The Law and the Promise
“What I mean is this: The law, introduced 430 years later, does not set aside the covenant previously established by God and thus do away with the promise” (v. 17).- Galatians 3:15–25
Paul’s sixth argument is that the law as a covenant was not designed to supplant grace but to show the need for grace (3:15–5:12). The law was not an alternative way of salvation and was never given for that reason. Rather, the law was designed to show the way for redeemed people to please God. Moreover, because the law exposes our sins, it continually drives us back to faith as the only way to achieve life.
Paul has established that Abraham and his children, including the Gentiles, are saved by faith in God’s promise. What, then, was the purpose of the law? The law was given 430 years after Abraham entered the Promised Land, and thus was added to the promise. First came promise, then law. The law was not designed to replace the promise. After all, the Israelites continued to be the children of Abraham and continued to keep the Abrahamic covenant by believing the promises.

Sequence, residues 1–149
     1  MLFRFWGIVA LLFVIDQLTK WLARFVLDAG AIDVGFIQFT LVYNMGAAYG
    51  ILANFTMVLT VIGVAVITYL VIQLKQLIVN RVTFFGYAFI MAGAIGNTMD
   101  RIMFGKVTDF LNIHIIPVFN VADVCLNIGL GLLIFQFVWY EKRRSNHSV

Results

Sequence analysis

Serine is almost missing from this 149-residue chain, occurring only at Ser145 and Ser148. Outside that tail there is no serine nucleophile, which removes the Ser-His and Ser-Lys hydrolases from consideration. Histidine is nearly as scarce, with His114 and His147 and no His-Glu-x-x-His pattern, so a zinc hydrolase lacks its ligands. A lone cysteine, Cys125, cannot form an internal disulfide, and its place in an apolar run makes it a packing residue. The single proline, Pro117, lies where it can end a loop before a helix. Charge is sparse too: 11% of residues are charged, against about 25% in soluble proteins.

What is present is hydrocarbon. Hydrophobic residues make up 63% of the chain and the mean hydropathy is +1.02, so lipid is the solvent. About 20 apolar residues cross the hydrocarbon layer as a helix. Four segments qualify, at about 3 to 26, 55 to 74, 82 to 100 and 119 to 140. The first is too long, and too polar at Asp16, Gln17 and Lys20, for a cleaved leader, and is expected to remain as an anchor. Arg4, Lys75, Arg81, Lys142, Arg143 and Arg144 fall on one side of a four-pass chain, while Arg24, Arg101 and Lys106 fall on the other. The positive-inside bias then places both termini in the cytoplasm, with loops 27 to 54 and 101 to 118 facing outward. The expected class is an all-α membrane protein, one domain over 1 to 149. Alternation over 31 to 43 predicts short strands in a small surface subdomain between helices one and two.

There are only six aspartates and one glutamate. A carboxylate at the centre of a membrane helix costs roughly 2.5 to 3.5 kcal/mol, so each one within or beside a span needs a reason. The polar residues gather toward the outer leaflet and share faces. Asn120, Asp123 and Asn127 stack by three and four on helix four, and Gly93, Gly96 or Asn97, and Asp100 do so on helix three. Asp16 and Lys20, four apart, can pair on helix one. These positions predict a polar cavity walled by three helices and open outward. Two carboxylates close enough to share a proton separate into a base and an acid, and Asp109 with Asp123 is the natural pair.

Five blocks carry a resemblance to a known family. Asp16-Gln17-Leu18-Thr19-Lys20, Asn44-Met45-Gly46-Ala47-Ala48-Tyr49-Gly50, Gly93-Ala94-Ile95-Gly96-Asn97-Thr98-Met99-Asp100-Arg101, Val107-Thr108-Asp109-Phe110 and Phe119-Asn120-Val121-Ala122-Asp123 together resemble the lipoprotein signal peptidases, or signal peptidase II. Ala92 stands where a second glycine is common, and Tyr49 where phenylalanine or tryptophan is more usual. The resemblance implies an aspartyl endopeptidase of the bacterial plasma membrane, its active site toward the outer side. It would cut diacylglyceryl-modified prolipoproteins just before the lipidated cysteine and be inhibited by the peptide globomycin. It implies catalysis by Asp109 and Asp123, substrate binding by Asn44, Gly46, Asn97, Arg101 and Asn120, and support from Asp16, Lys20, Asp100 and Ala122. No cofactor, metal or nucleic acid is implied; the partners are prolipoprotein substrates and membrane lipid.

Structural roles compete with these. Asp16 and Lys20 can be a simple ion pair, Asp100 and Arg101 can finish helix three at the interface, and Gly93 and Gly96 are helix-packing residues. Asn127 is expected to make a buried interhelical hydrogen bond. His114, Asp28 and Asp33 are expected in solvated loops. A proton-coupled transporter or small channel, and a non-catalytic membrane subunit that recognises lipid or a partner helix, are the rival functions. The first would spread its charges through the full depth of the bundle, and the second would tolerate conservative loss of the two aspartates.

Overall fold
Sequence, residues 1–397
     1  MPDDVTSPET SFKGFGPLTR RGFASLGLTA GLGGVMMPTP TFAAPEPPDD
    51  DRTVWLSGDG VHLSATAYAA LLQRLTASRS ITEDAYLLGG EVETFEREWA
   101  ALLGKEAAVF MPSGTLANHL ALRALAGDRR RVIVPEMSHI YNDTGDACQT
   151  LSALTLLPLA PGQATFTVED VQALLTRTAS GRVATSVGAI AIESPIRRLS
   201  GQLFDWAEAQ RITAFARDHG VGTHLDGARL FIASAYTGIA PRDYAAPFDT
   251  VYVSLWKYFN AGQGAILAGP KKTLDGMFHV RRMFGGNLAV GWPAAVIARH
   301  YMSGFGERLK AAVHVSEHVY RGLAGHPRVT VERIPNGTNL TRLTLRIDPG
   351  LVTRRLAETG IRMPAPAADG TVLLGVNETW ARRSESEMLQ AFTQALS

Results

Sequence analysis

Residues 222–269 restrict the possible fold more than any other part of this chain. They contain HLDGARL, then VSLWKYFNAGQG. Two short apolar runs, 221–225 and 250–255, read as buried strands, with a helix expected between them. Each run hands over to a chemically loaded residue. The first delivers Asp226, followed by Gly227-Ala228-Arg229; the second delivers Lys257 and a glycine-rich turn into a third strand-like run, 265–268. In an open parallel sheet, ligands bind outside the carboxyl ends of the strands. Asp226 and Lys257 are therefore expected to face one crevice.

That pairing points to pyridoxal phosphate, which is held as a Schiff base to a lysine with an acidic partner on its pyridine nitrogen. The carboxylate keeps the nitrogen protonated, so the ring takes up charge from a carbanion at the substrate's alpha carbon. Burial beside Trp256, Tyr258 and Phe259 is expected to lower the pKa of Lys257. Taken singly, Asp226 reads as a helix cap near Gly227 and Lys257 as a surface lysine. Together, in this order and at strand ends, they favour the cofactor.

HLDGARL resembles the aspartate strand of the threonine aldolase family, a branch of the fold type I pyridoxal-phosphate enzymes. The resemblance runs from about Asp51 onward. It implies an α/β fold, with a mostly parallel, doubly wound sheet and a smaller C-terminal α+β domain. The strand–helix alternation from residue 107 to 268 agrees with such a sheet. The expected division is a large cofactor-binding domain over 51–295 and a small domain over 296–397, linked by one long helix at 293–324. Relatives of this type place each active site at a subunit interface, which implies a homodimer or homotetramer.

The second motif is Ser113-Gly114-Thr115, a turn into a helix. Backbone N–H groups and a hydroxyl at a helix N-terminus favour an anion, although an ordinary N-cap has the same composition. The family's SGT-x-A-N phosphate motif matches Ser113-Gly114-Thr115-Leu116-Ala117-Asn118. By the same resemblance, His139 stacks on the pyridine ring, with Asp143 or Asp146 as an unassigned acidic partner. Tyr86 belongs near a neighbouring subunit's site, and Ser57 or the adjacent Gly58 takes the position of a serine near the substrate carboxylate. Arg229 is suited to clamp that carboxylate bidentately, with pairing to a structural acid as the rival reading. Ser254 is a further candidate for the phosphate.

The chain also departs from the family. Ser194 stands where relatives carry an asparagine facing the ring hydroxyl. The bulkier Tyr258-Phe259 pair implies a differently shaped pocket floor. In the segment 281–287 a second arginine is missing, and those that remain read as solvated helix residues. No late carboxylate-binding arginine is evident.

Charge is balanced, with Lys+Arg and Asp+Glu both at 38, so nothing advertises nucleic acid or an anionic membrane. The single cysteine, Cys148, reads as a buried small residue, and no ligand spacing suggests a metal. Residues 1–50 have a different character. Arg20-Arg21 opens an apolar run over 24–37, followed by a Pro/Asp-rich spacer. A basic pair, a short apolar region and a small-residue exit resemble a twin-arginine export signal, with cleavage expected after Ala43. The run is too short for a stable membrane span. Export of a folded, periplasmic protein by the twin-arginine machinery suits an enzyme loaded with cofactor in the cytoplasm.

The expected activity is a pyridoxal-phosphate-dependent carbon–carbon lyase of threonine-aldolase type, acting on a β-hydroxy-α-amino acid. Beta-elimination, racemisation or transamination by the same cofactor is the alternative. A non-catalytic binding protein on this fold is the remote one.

What then was the law’s purpose? Paul says that the law was added “because of transgressions” (Galatians 3:19). It was designed to show us our sins and point out our need for a savior. Considered as a covenant, the law was designed as a prison, to keep the people locked up so that their sins would not get out of hand (3:22– 23). Before the Flood, sin progressed so far that God made the decision to destroy the world. To prevent this from happening again, God instituted the law and its penalties as a way of holding back the progress of sin. The law, however, could not take away sin and give salvation. Thus, the law was only temporary, and pointed forward to the new covenant, when sin would be restrained, the penalty paid, the Spirit poured out, and the progress of evil reversed.
Paul said now that the new covenant has come, we are no longer under the law’s supervision. Its function is completed. We are now sons of God, clothed in Christ, and empowered to live righteously (3:24–27). The promise first made to Abraham had come to pass, and the period of the law’s supervision, joyously, had come to an end.
The proper function of the law is to put before us the right way of living before God. This is very nearly the definition of coram Deo—to live before the face of God, under His authority and unto His glory. Make good use of God’s law as you live your life coram Deo. Pursue the law for Christian growth, and in so doing, please God.
Passages for Further Study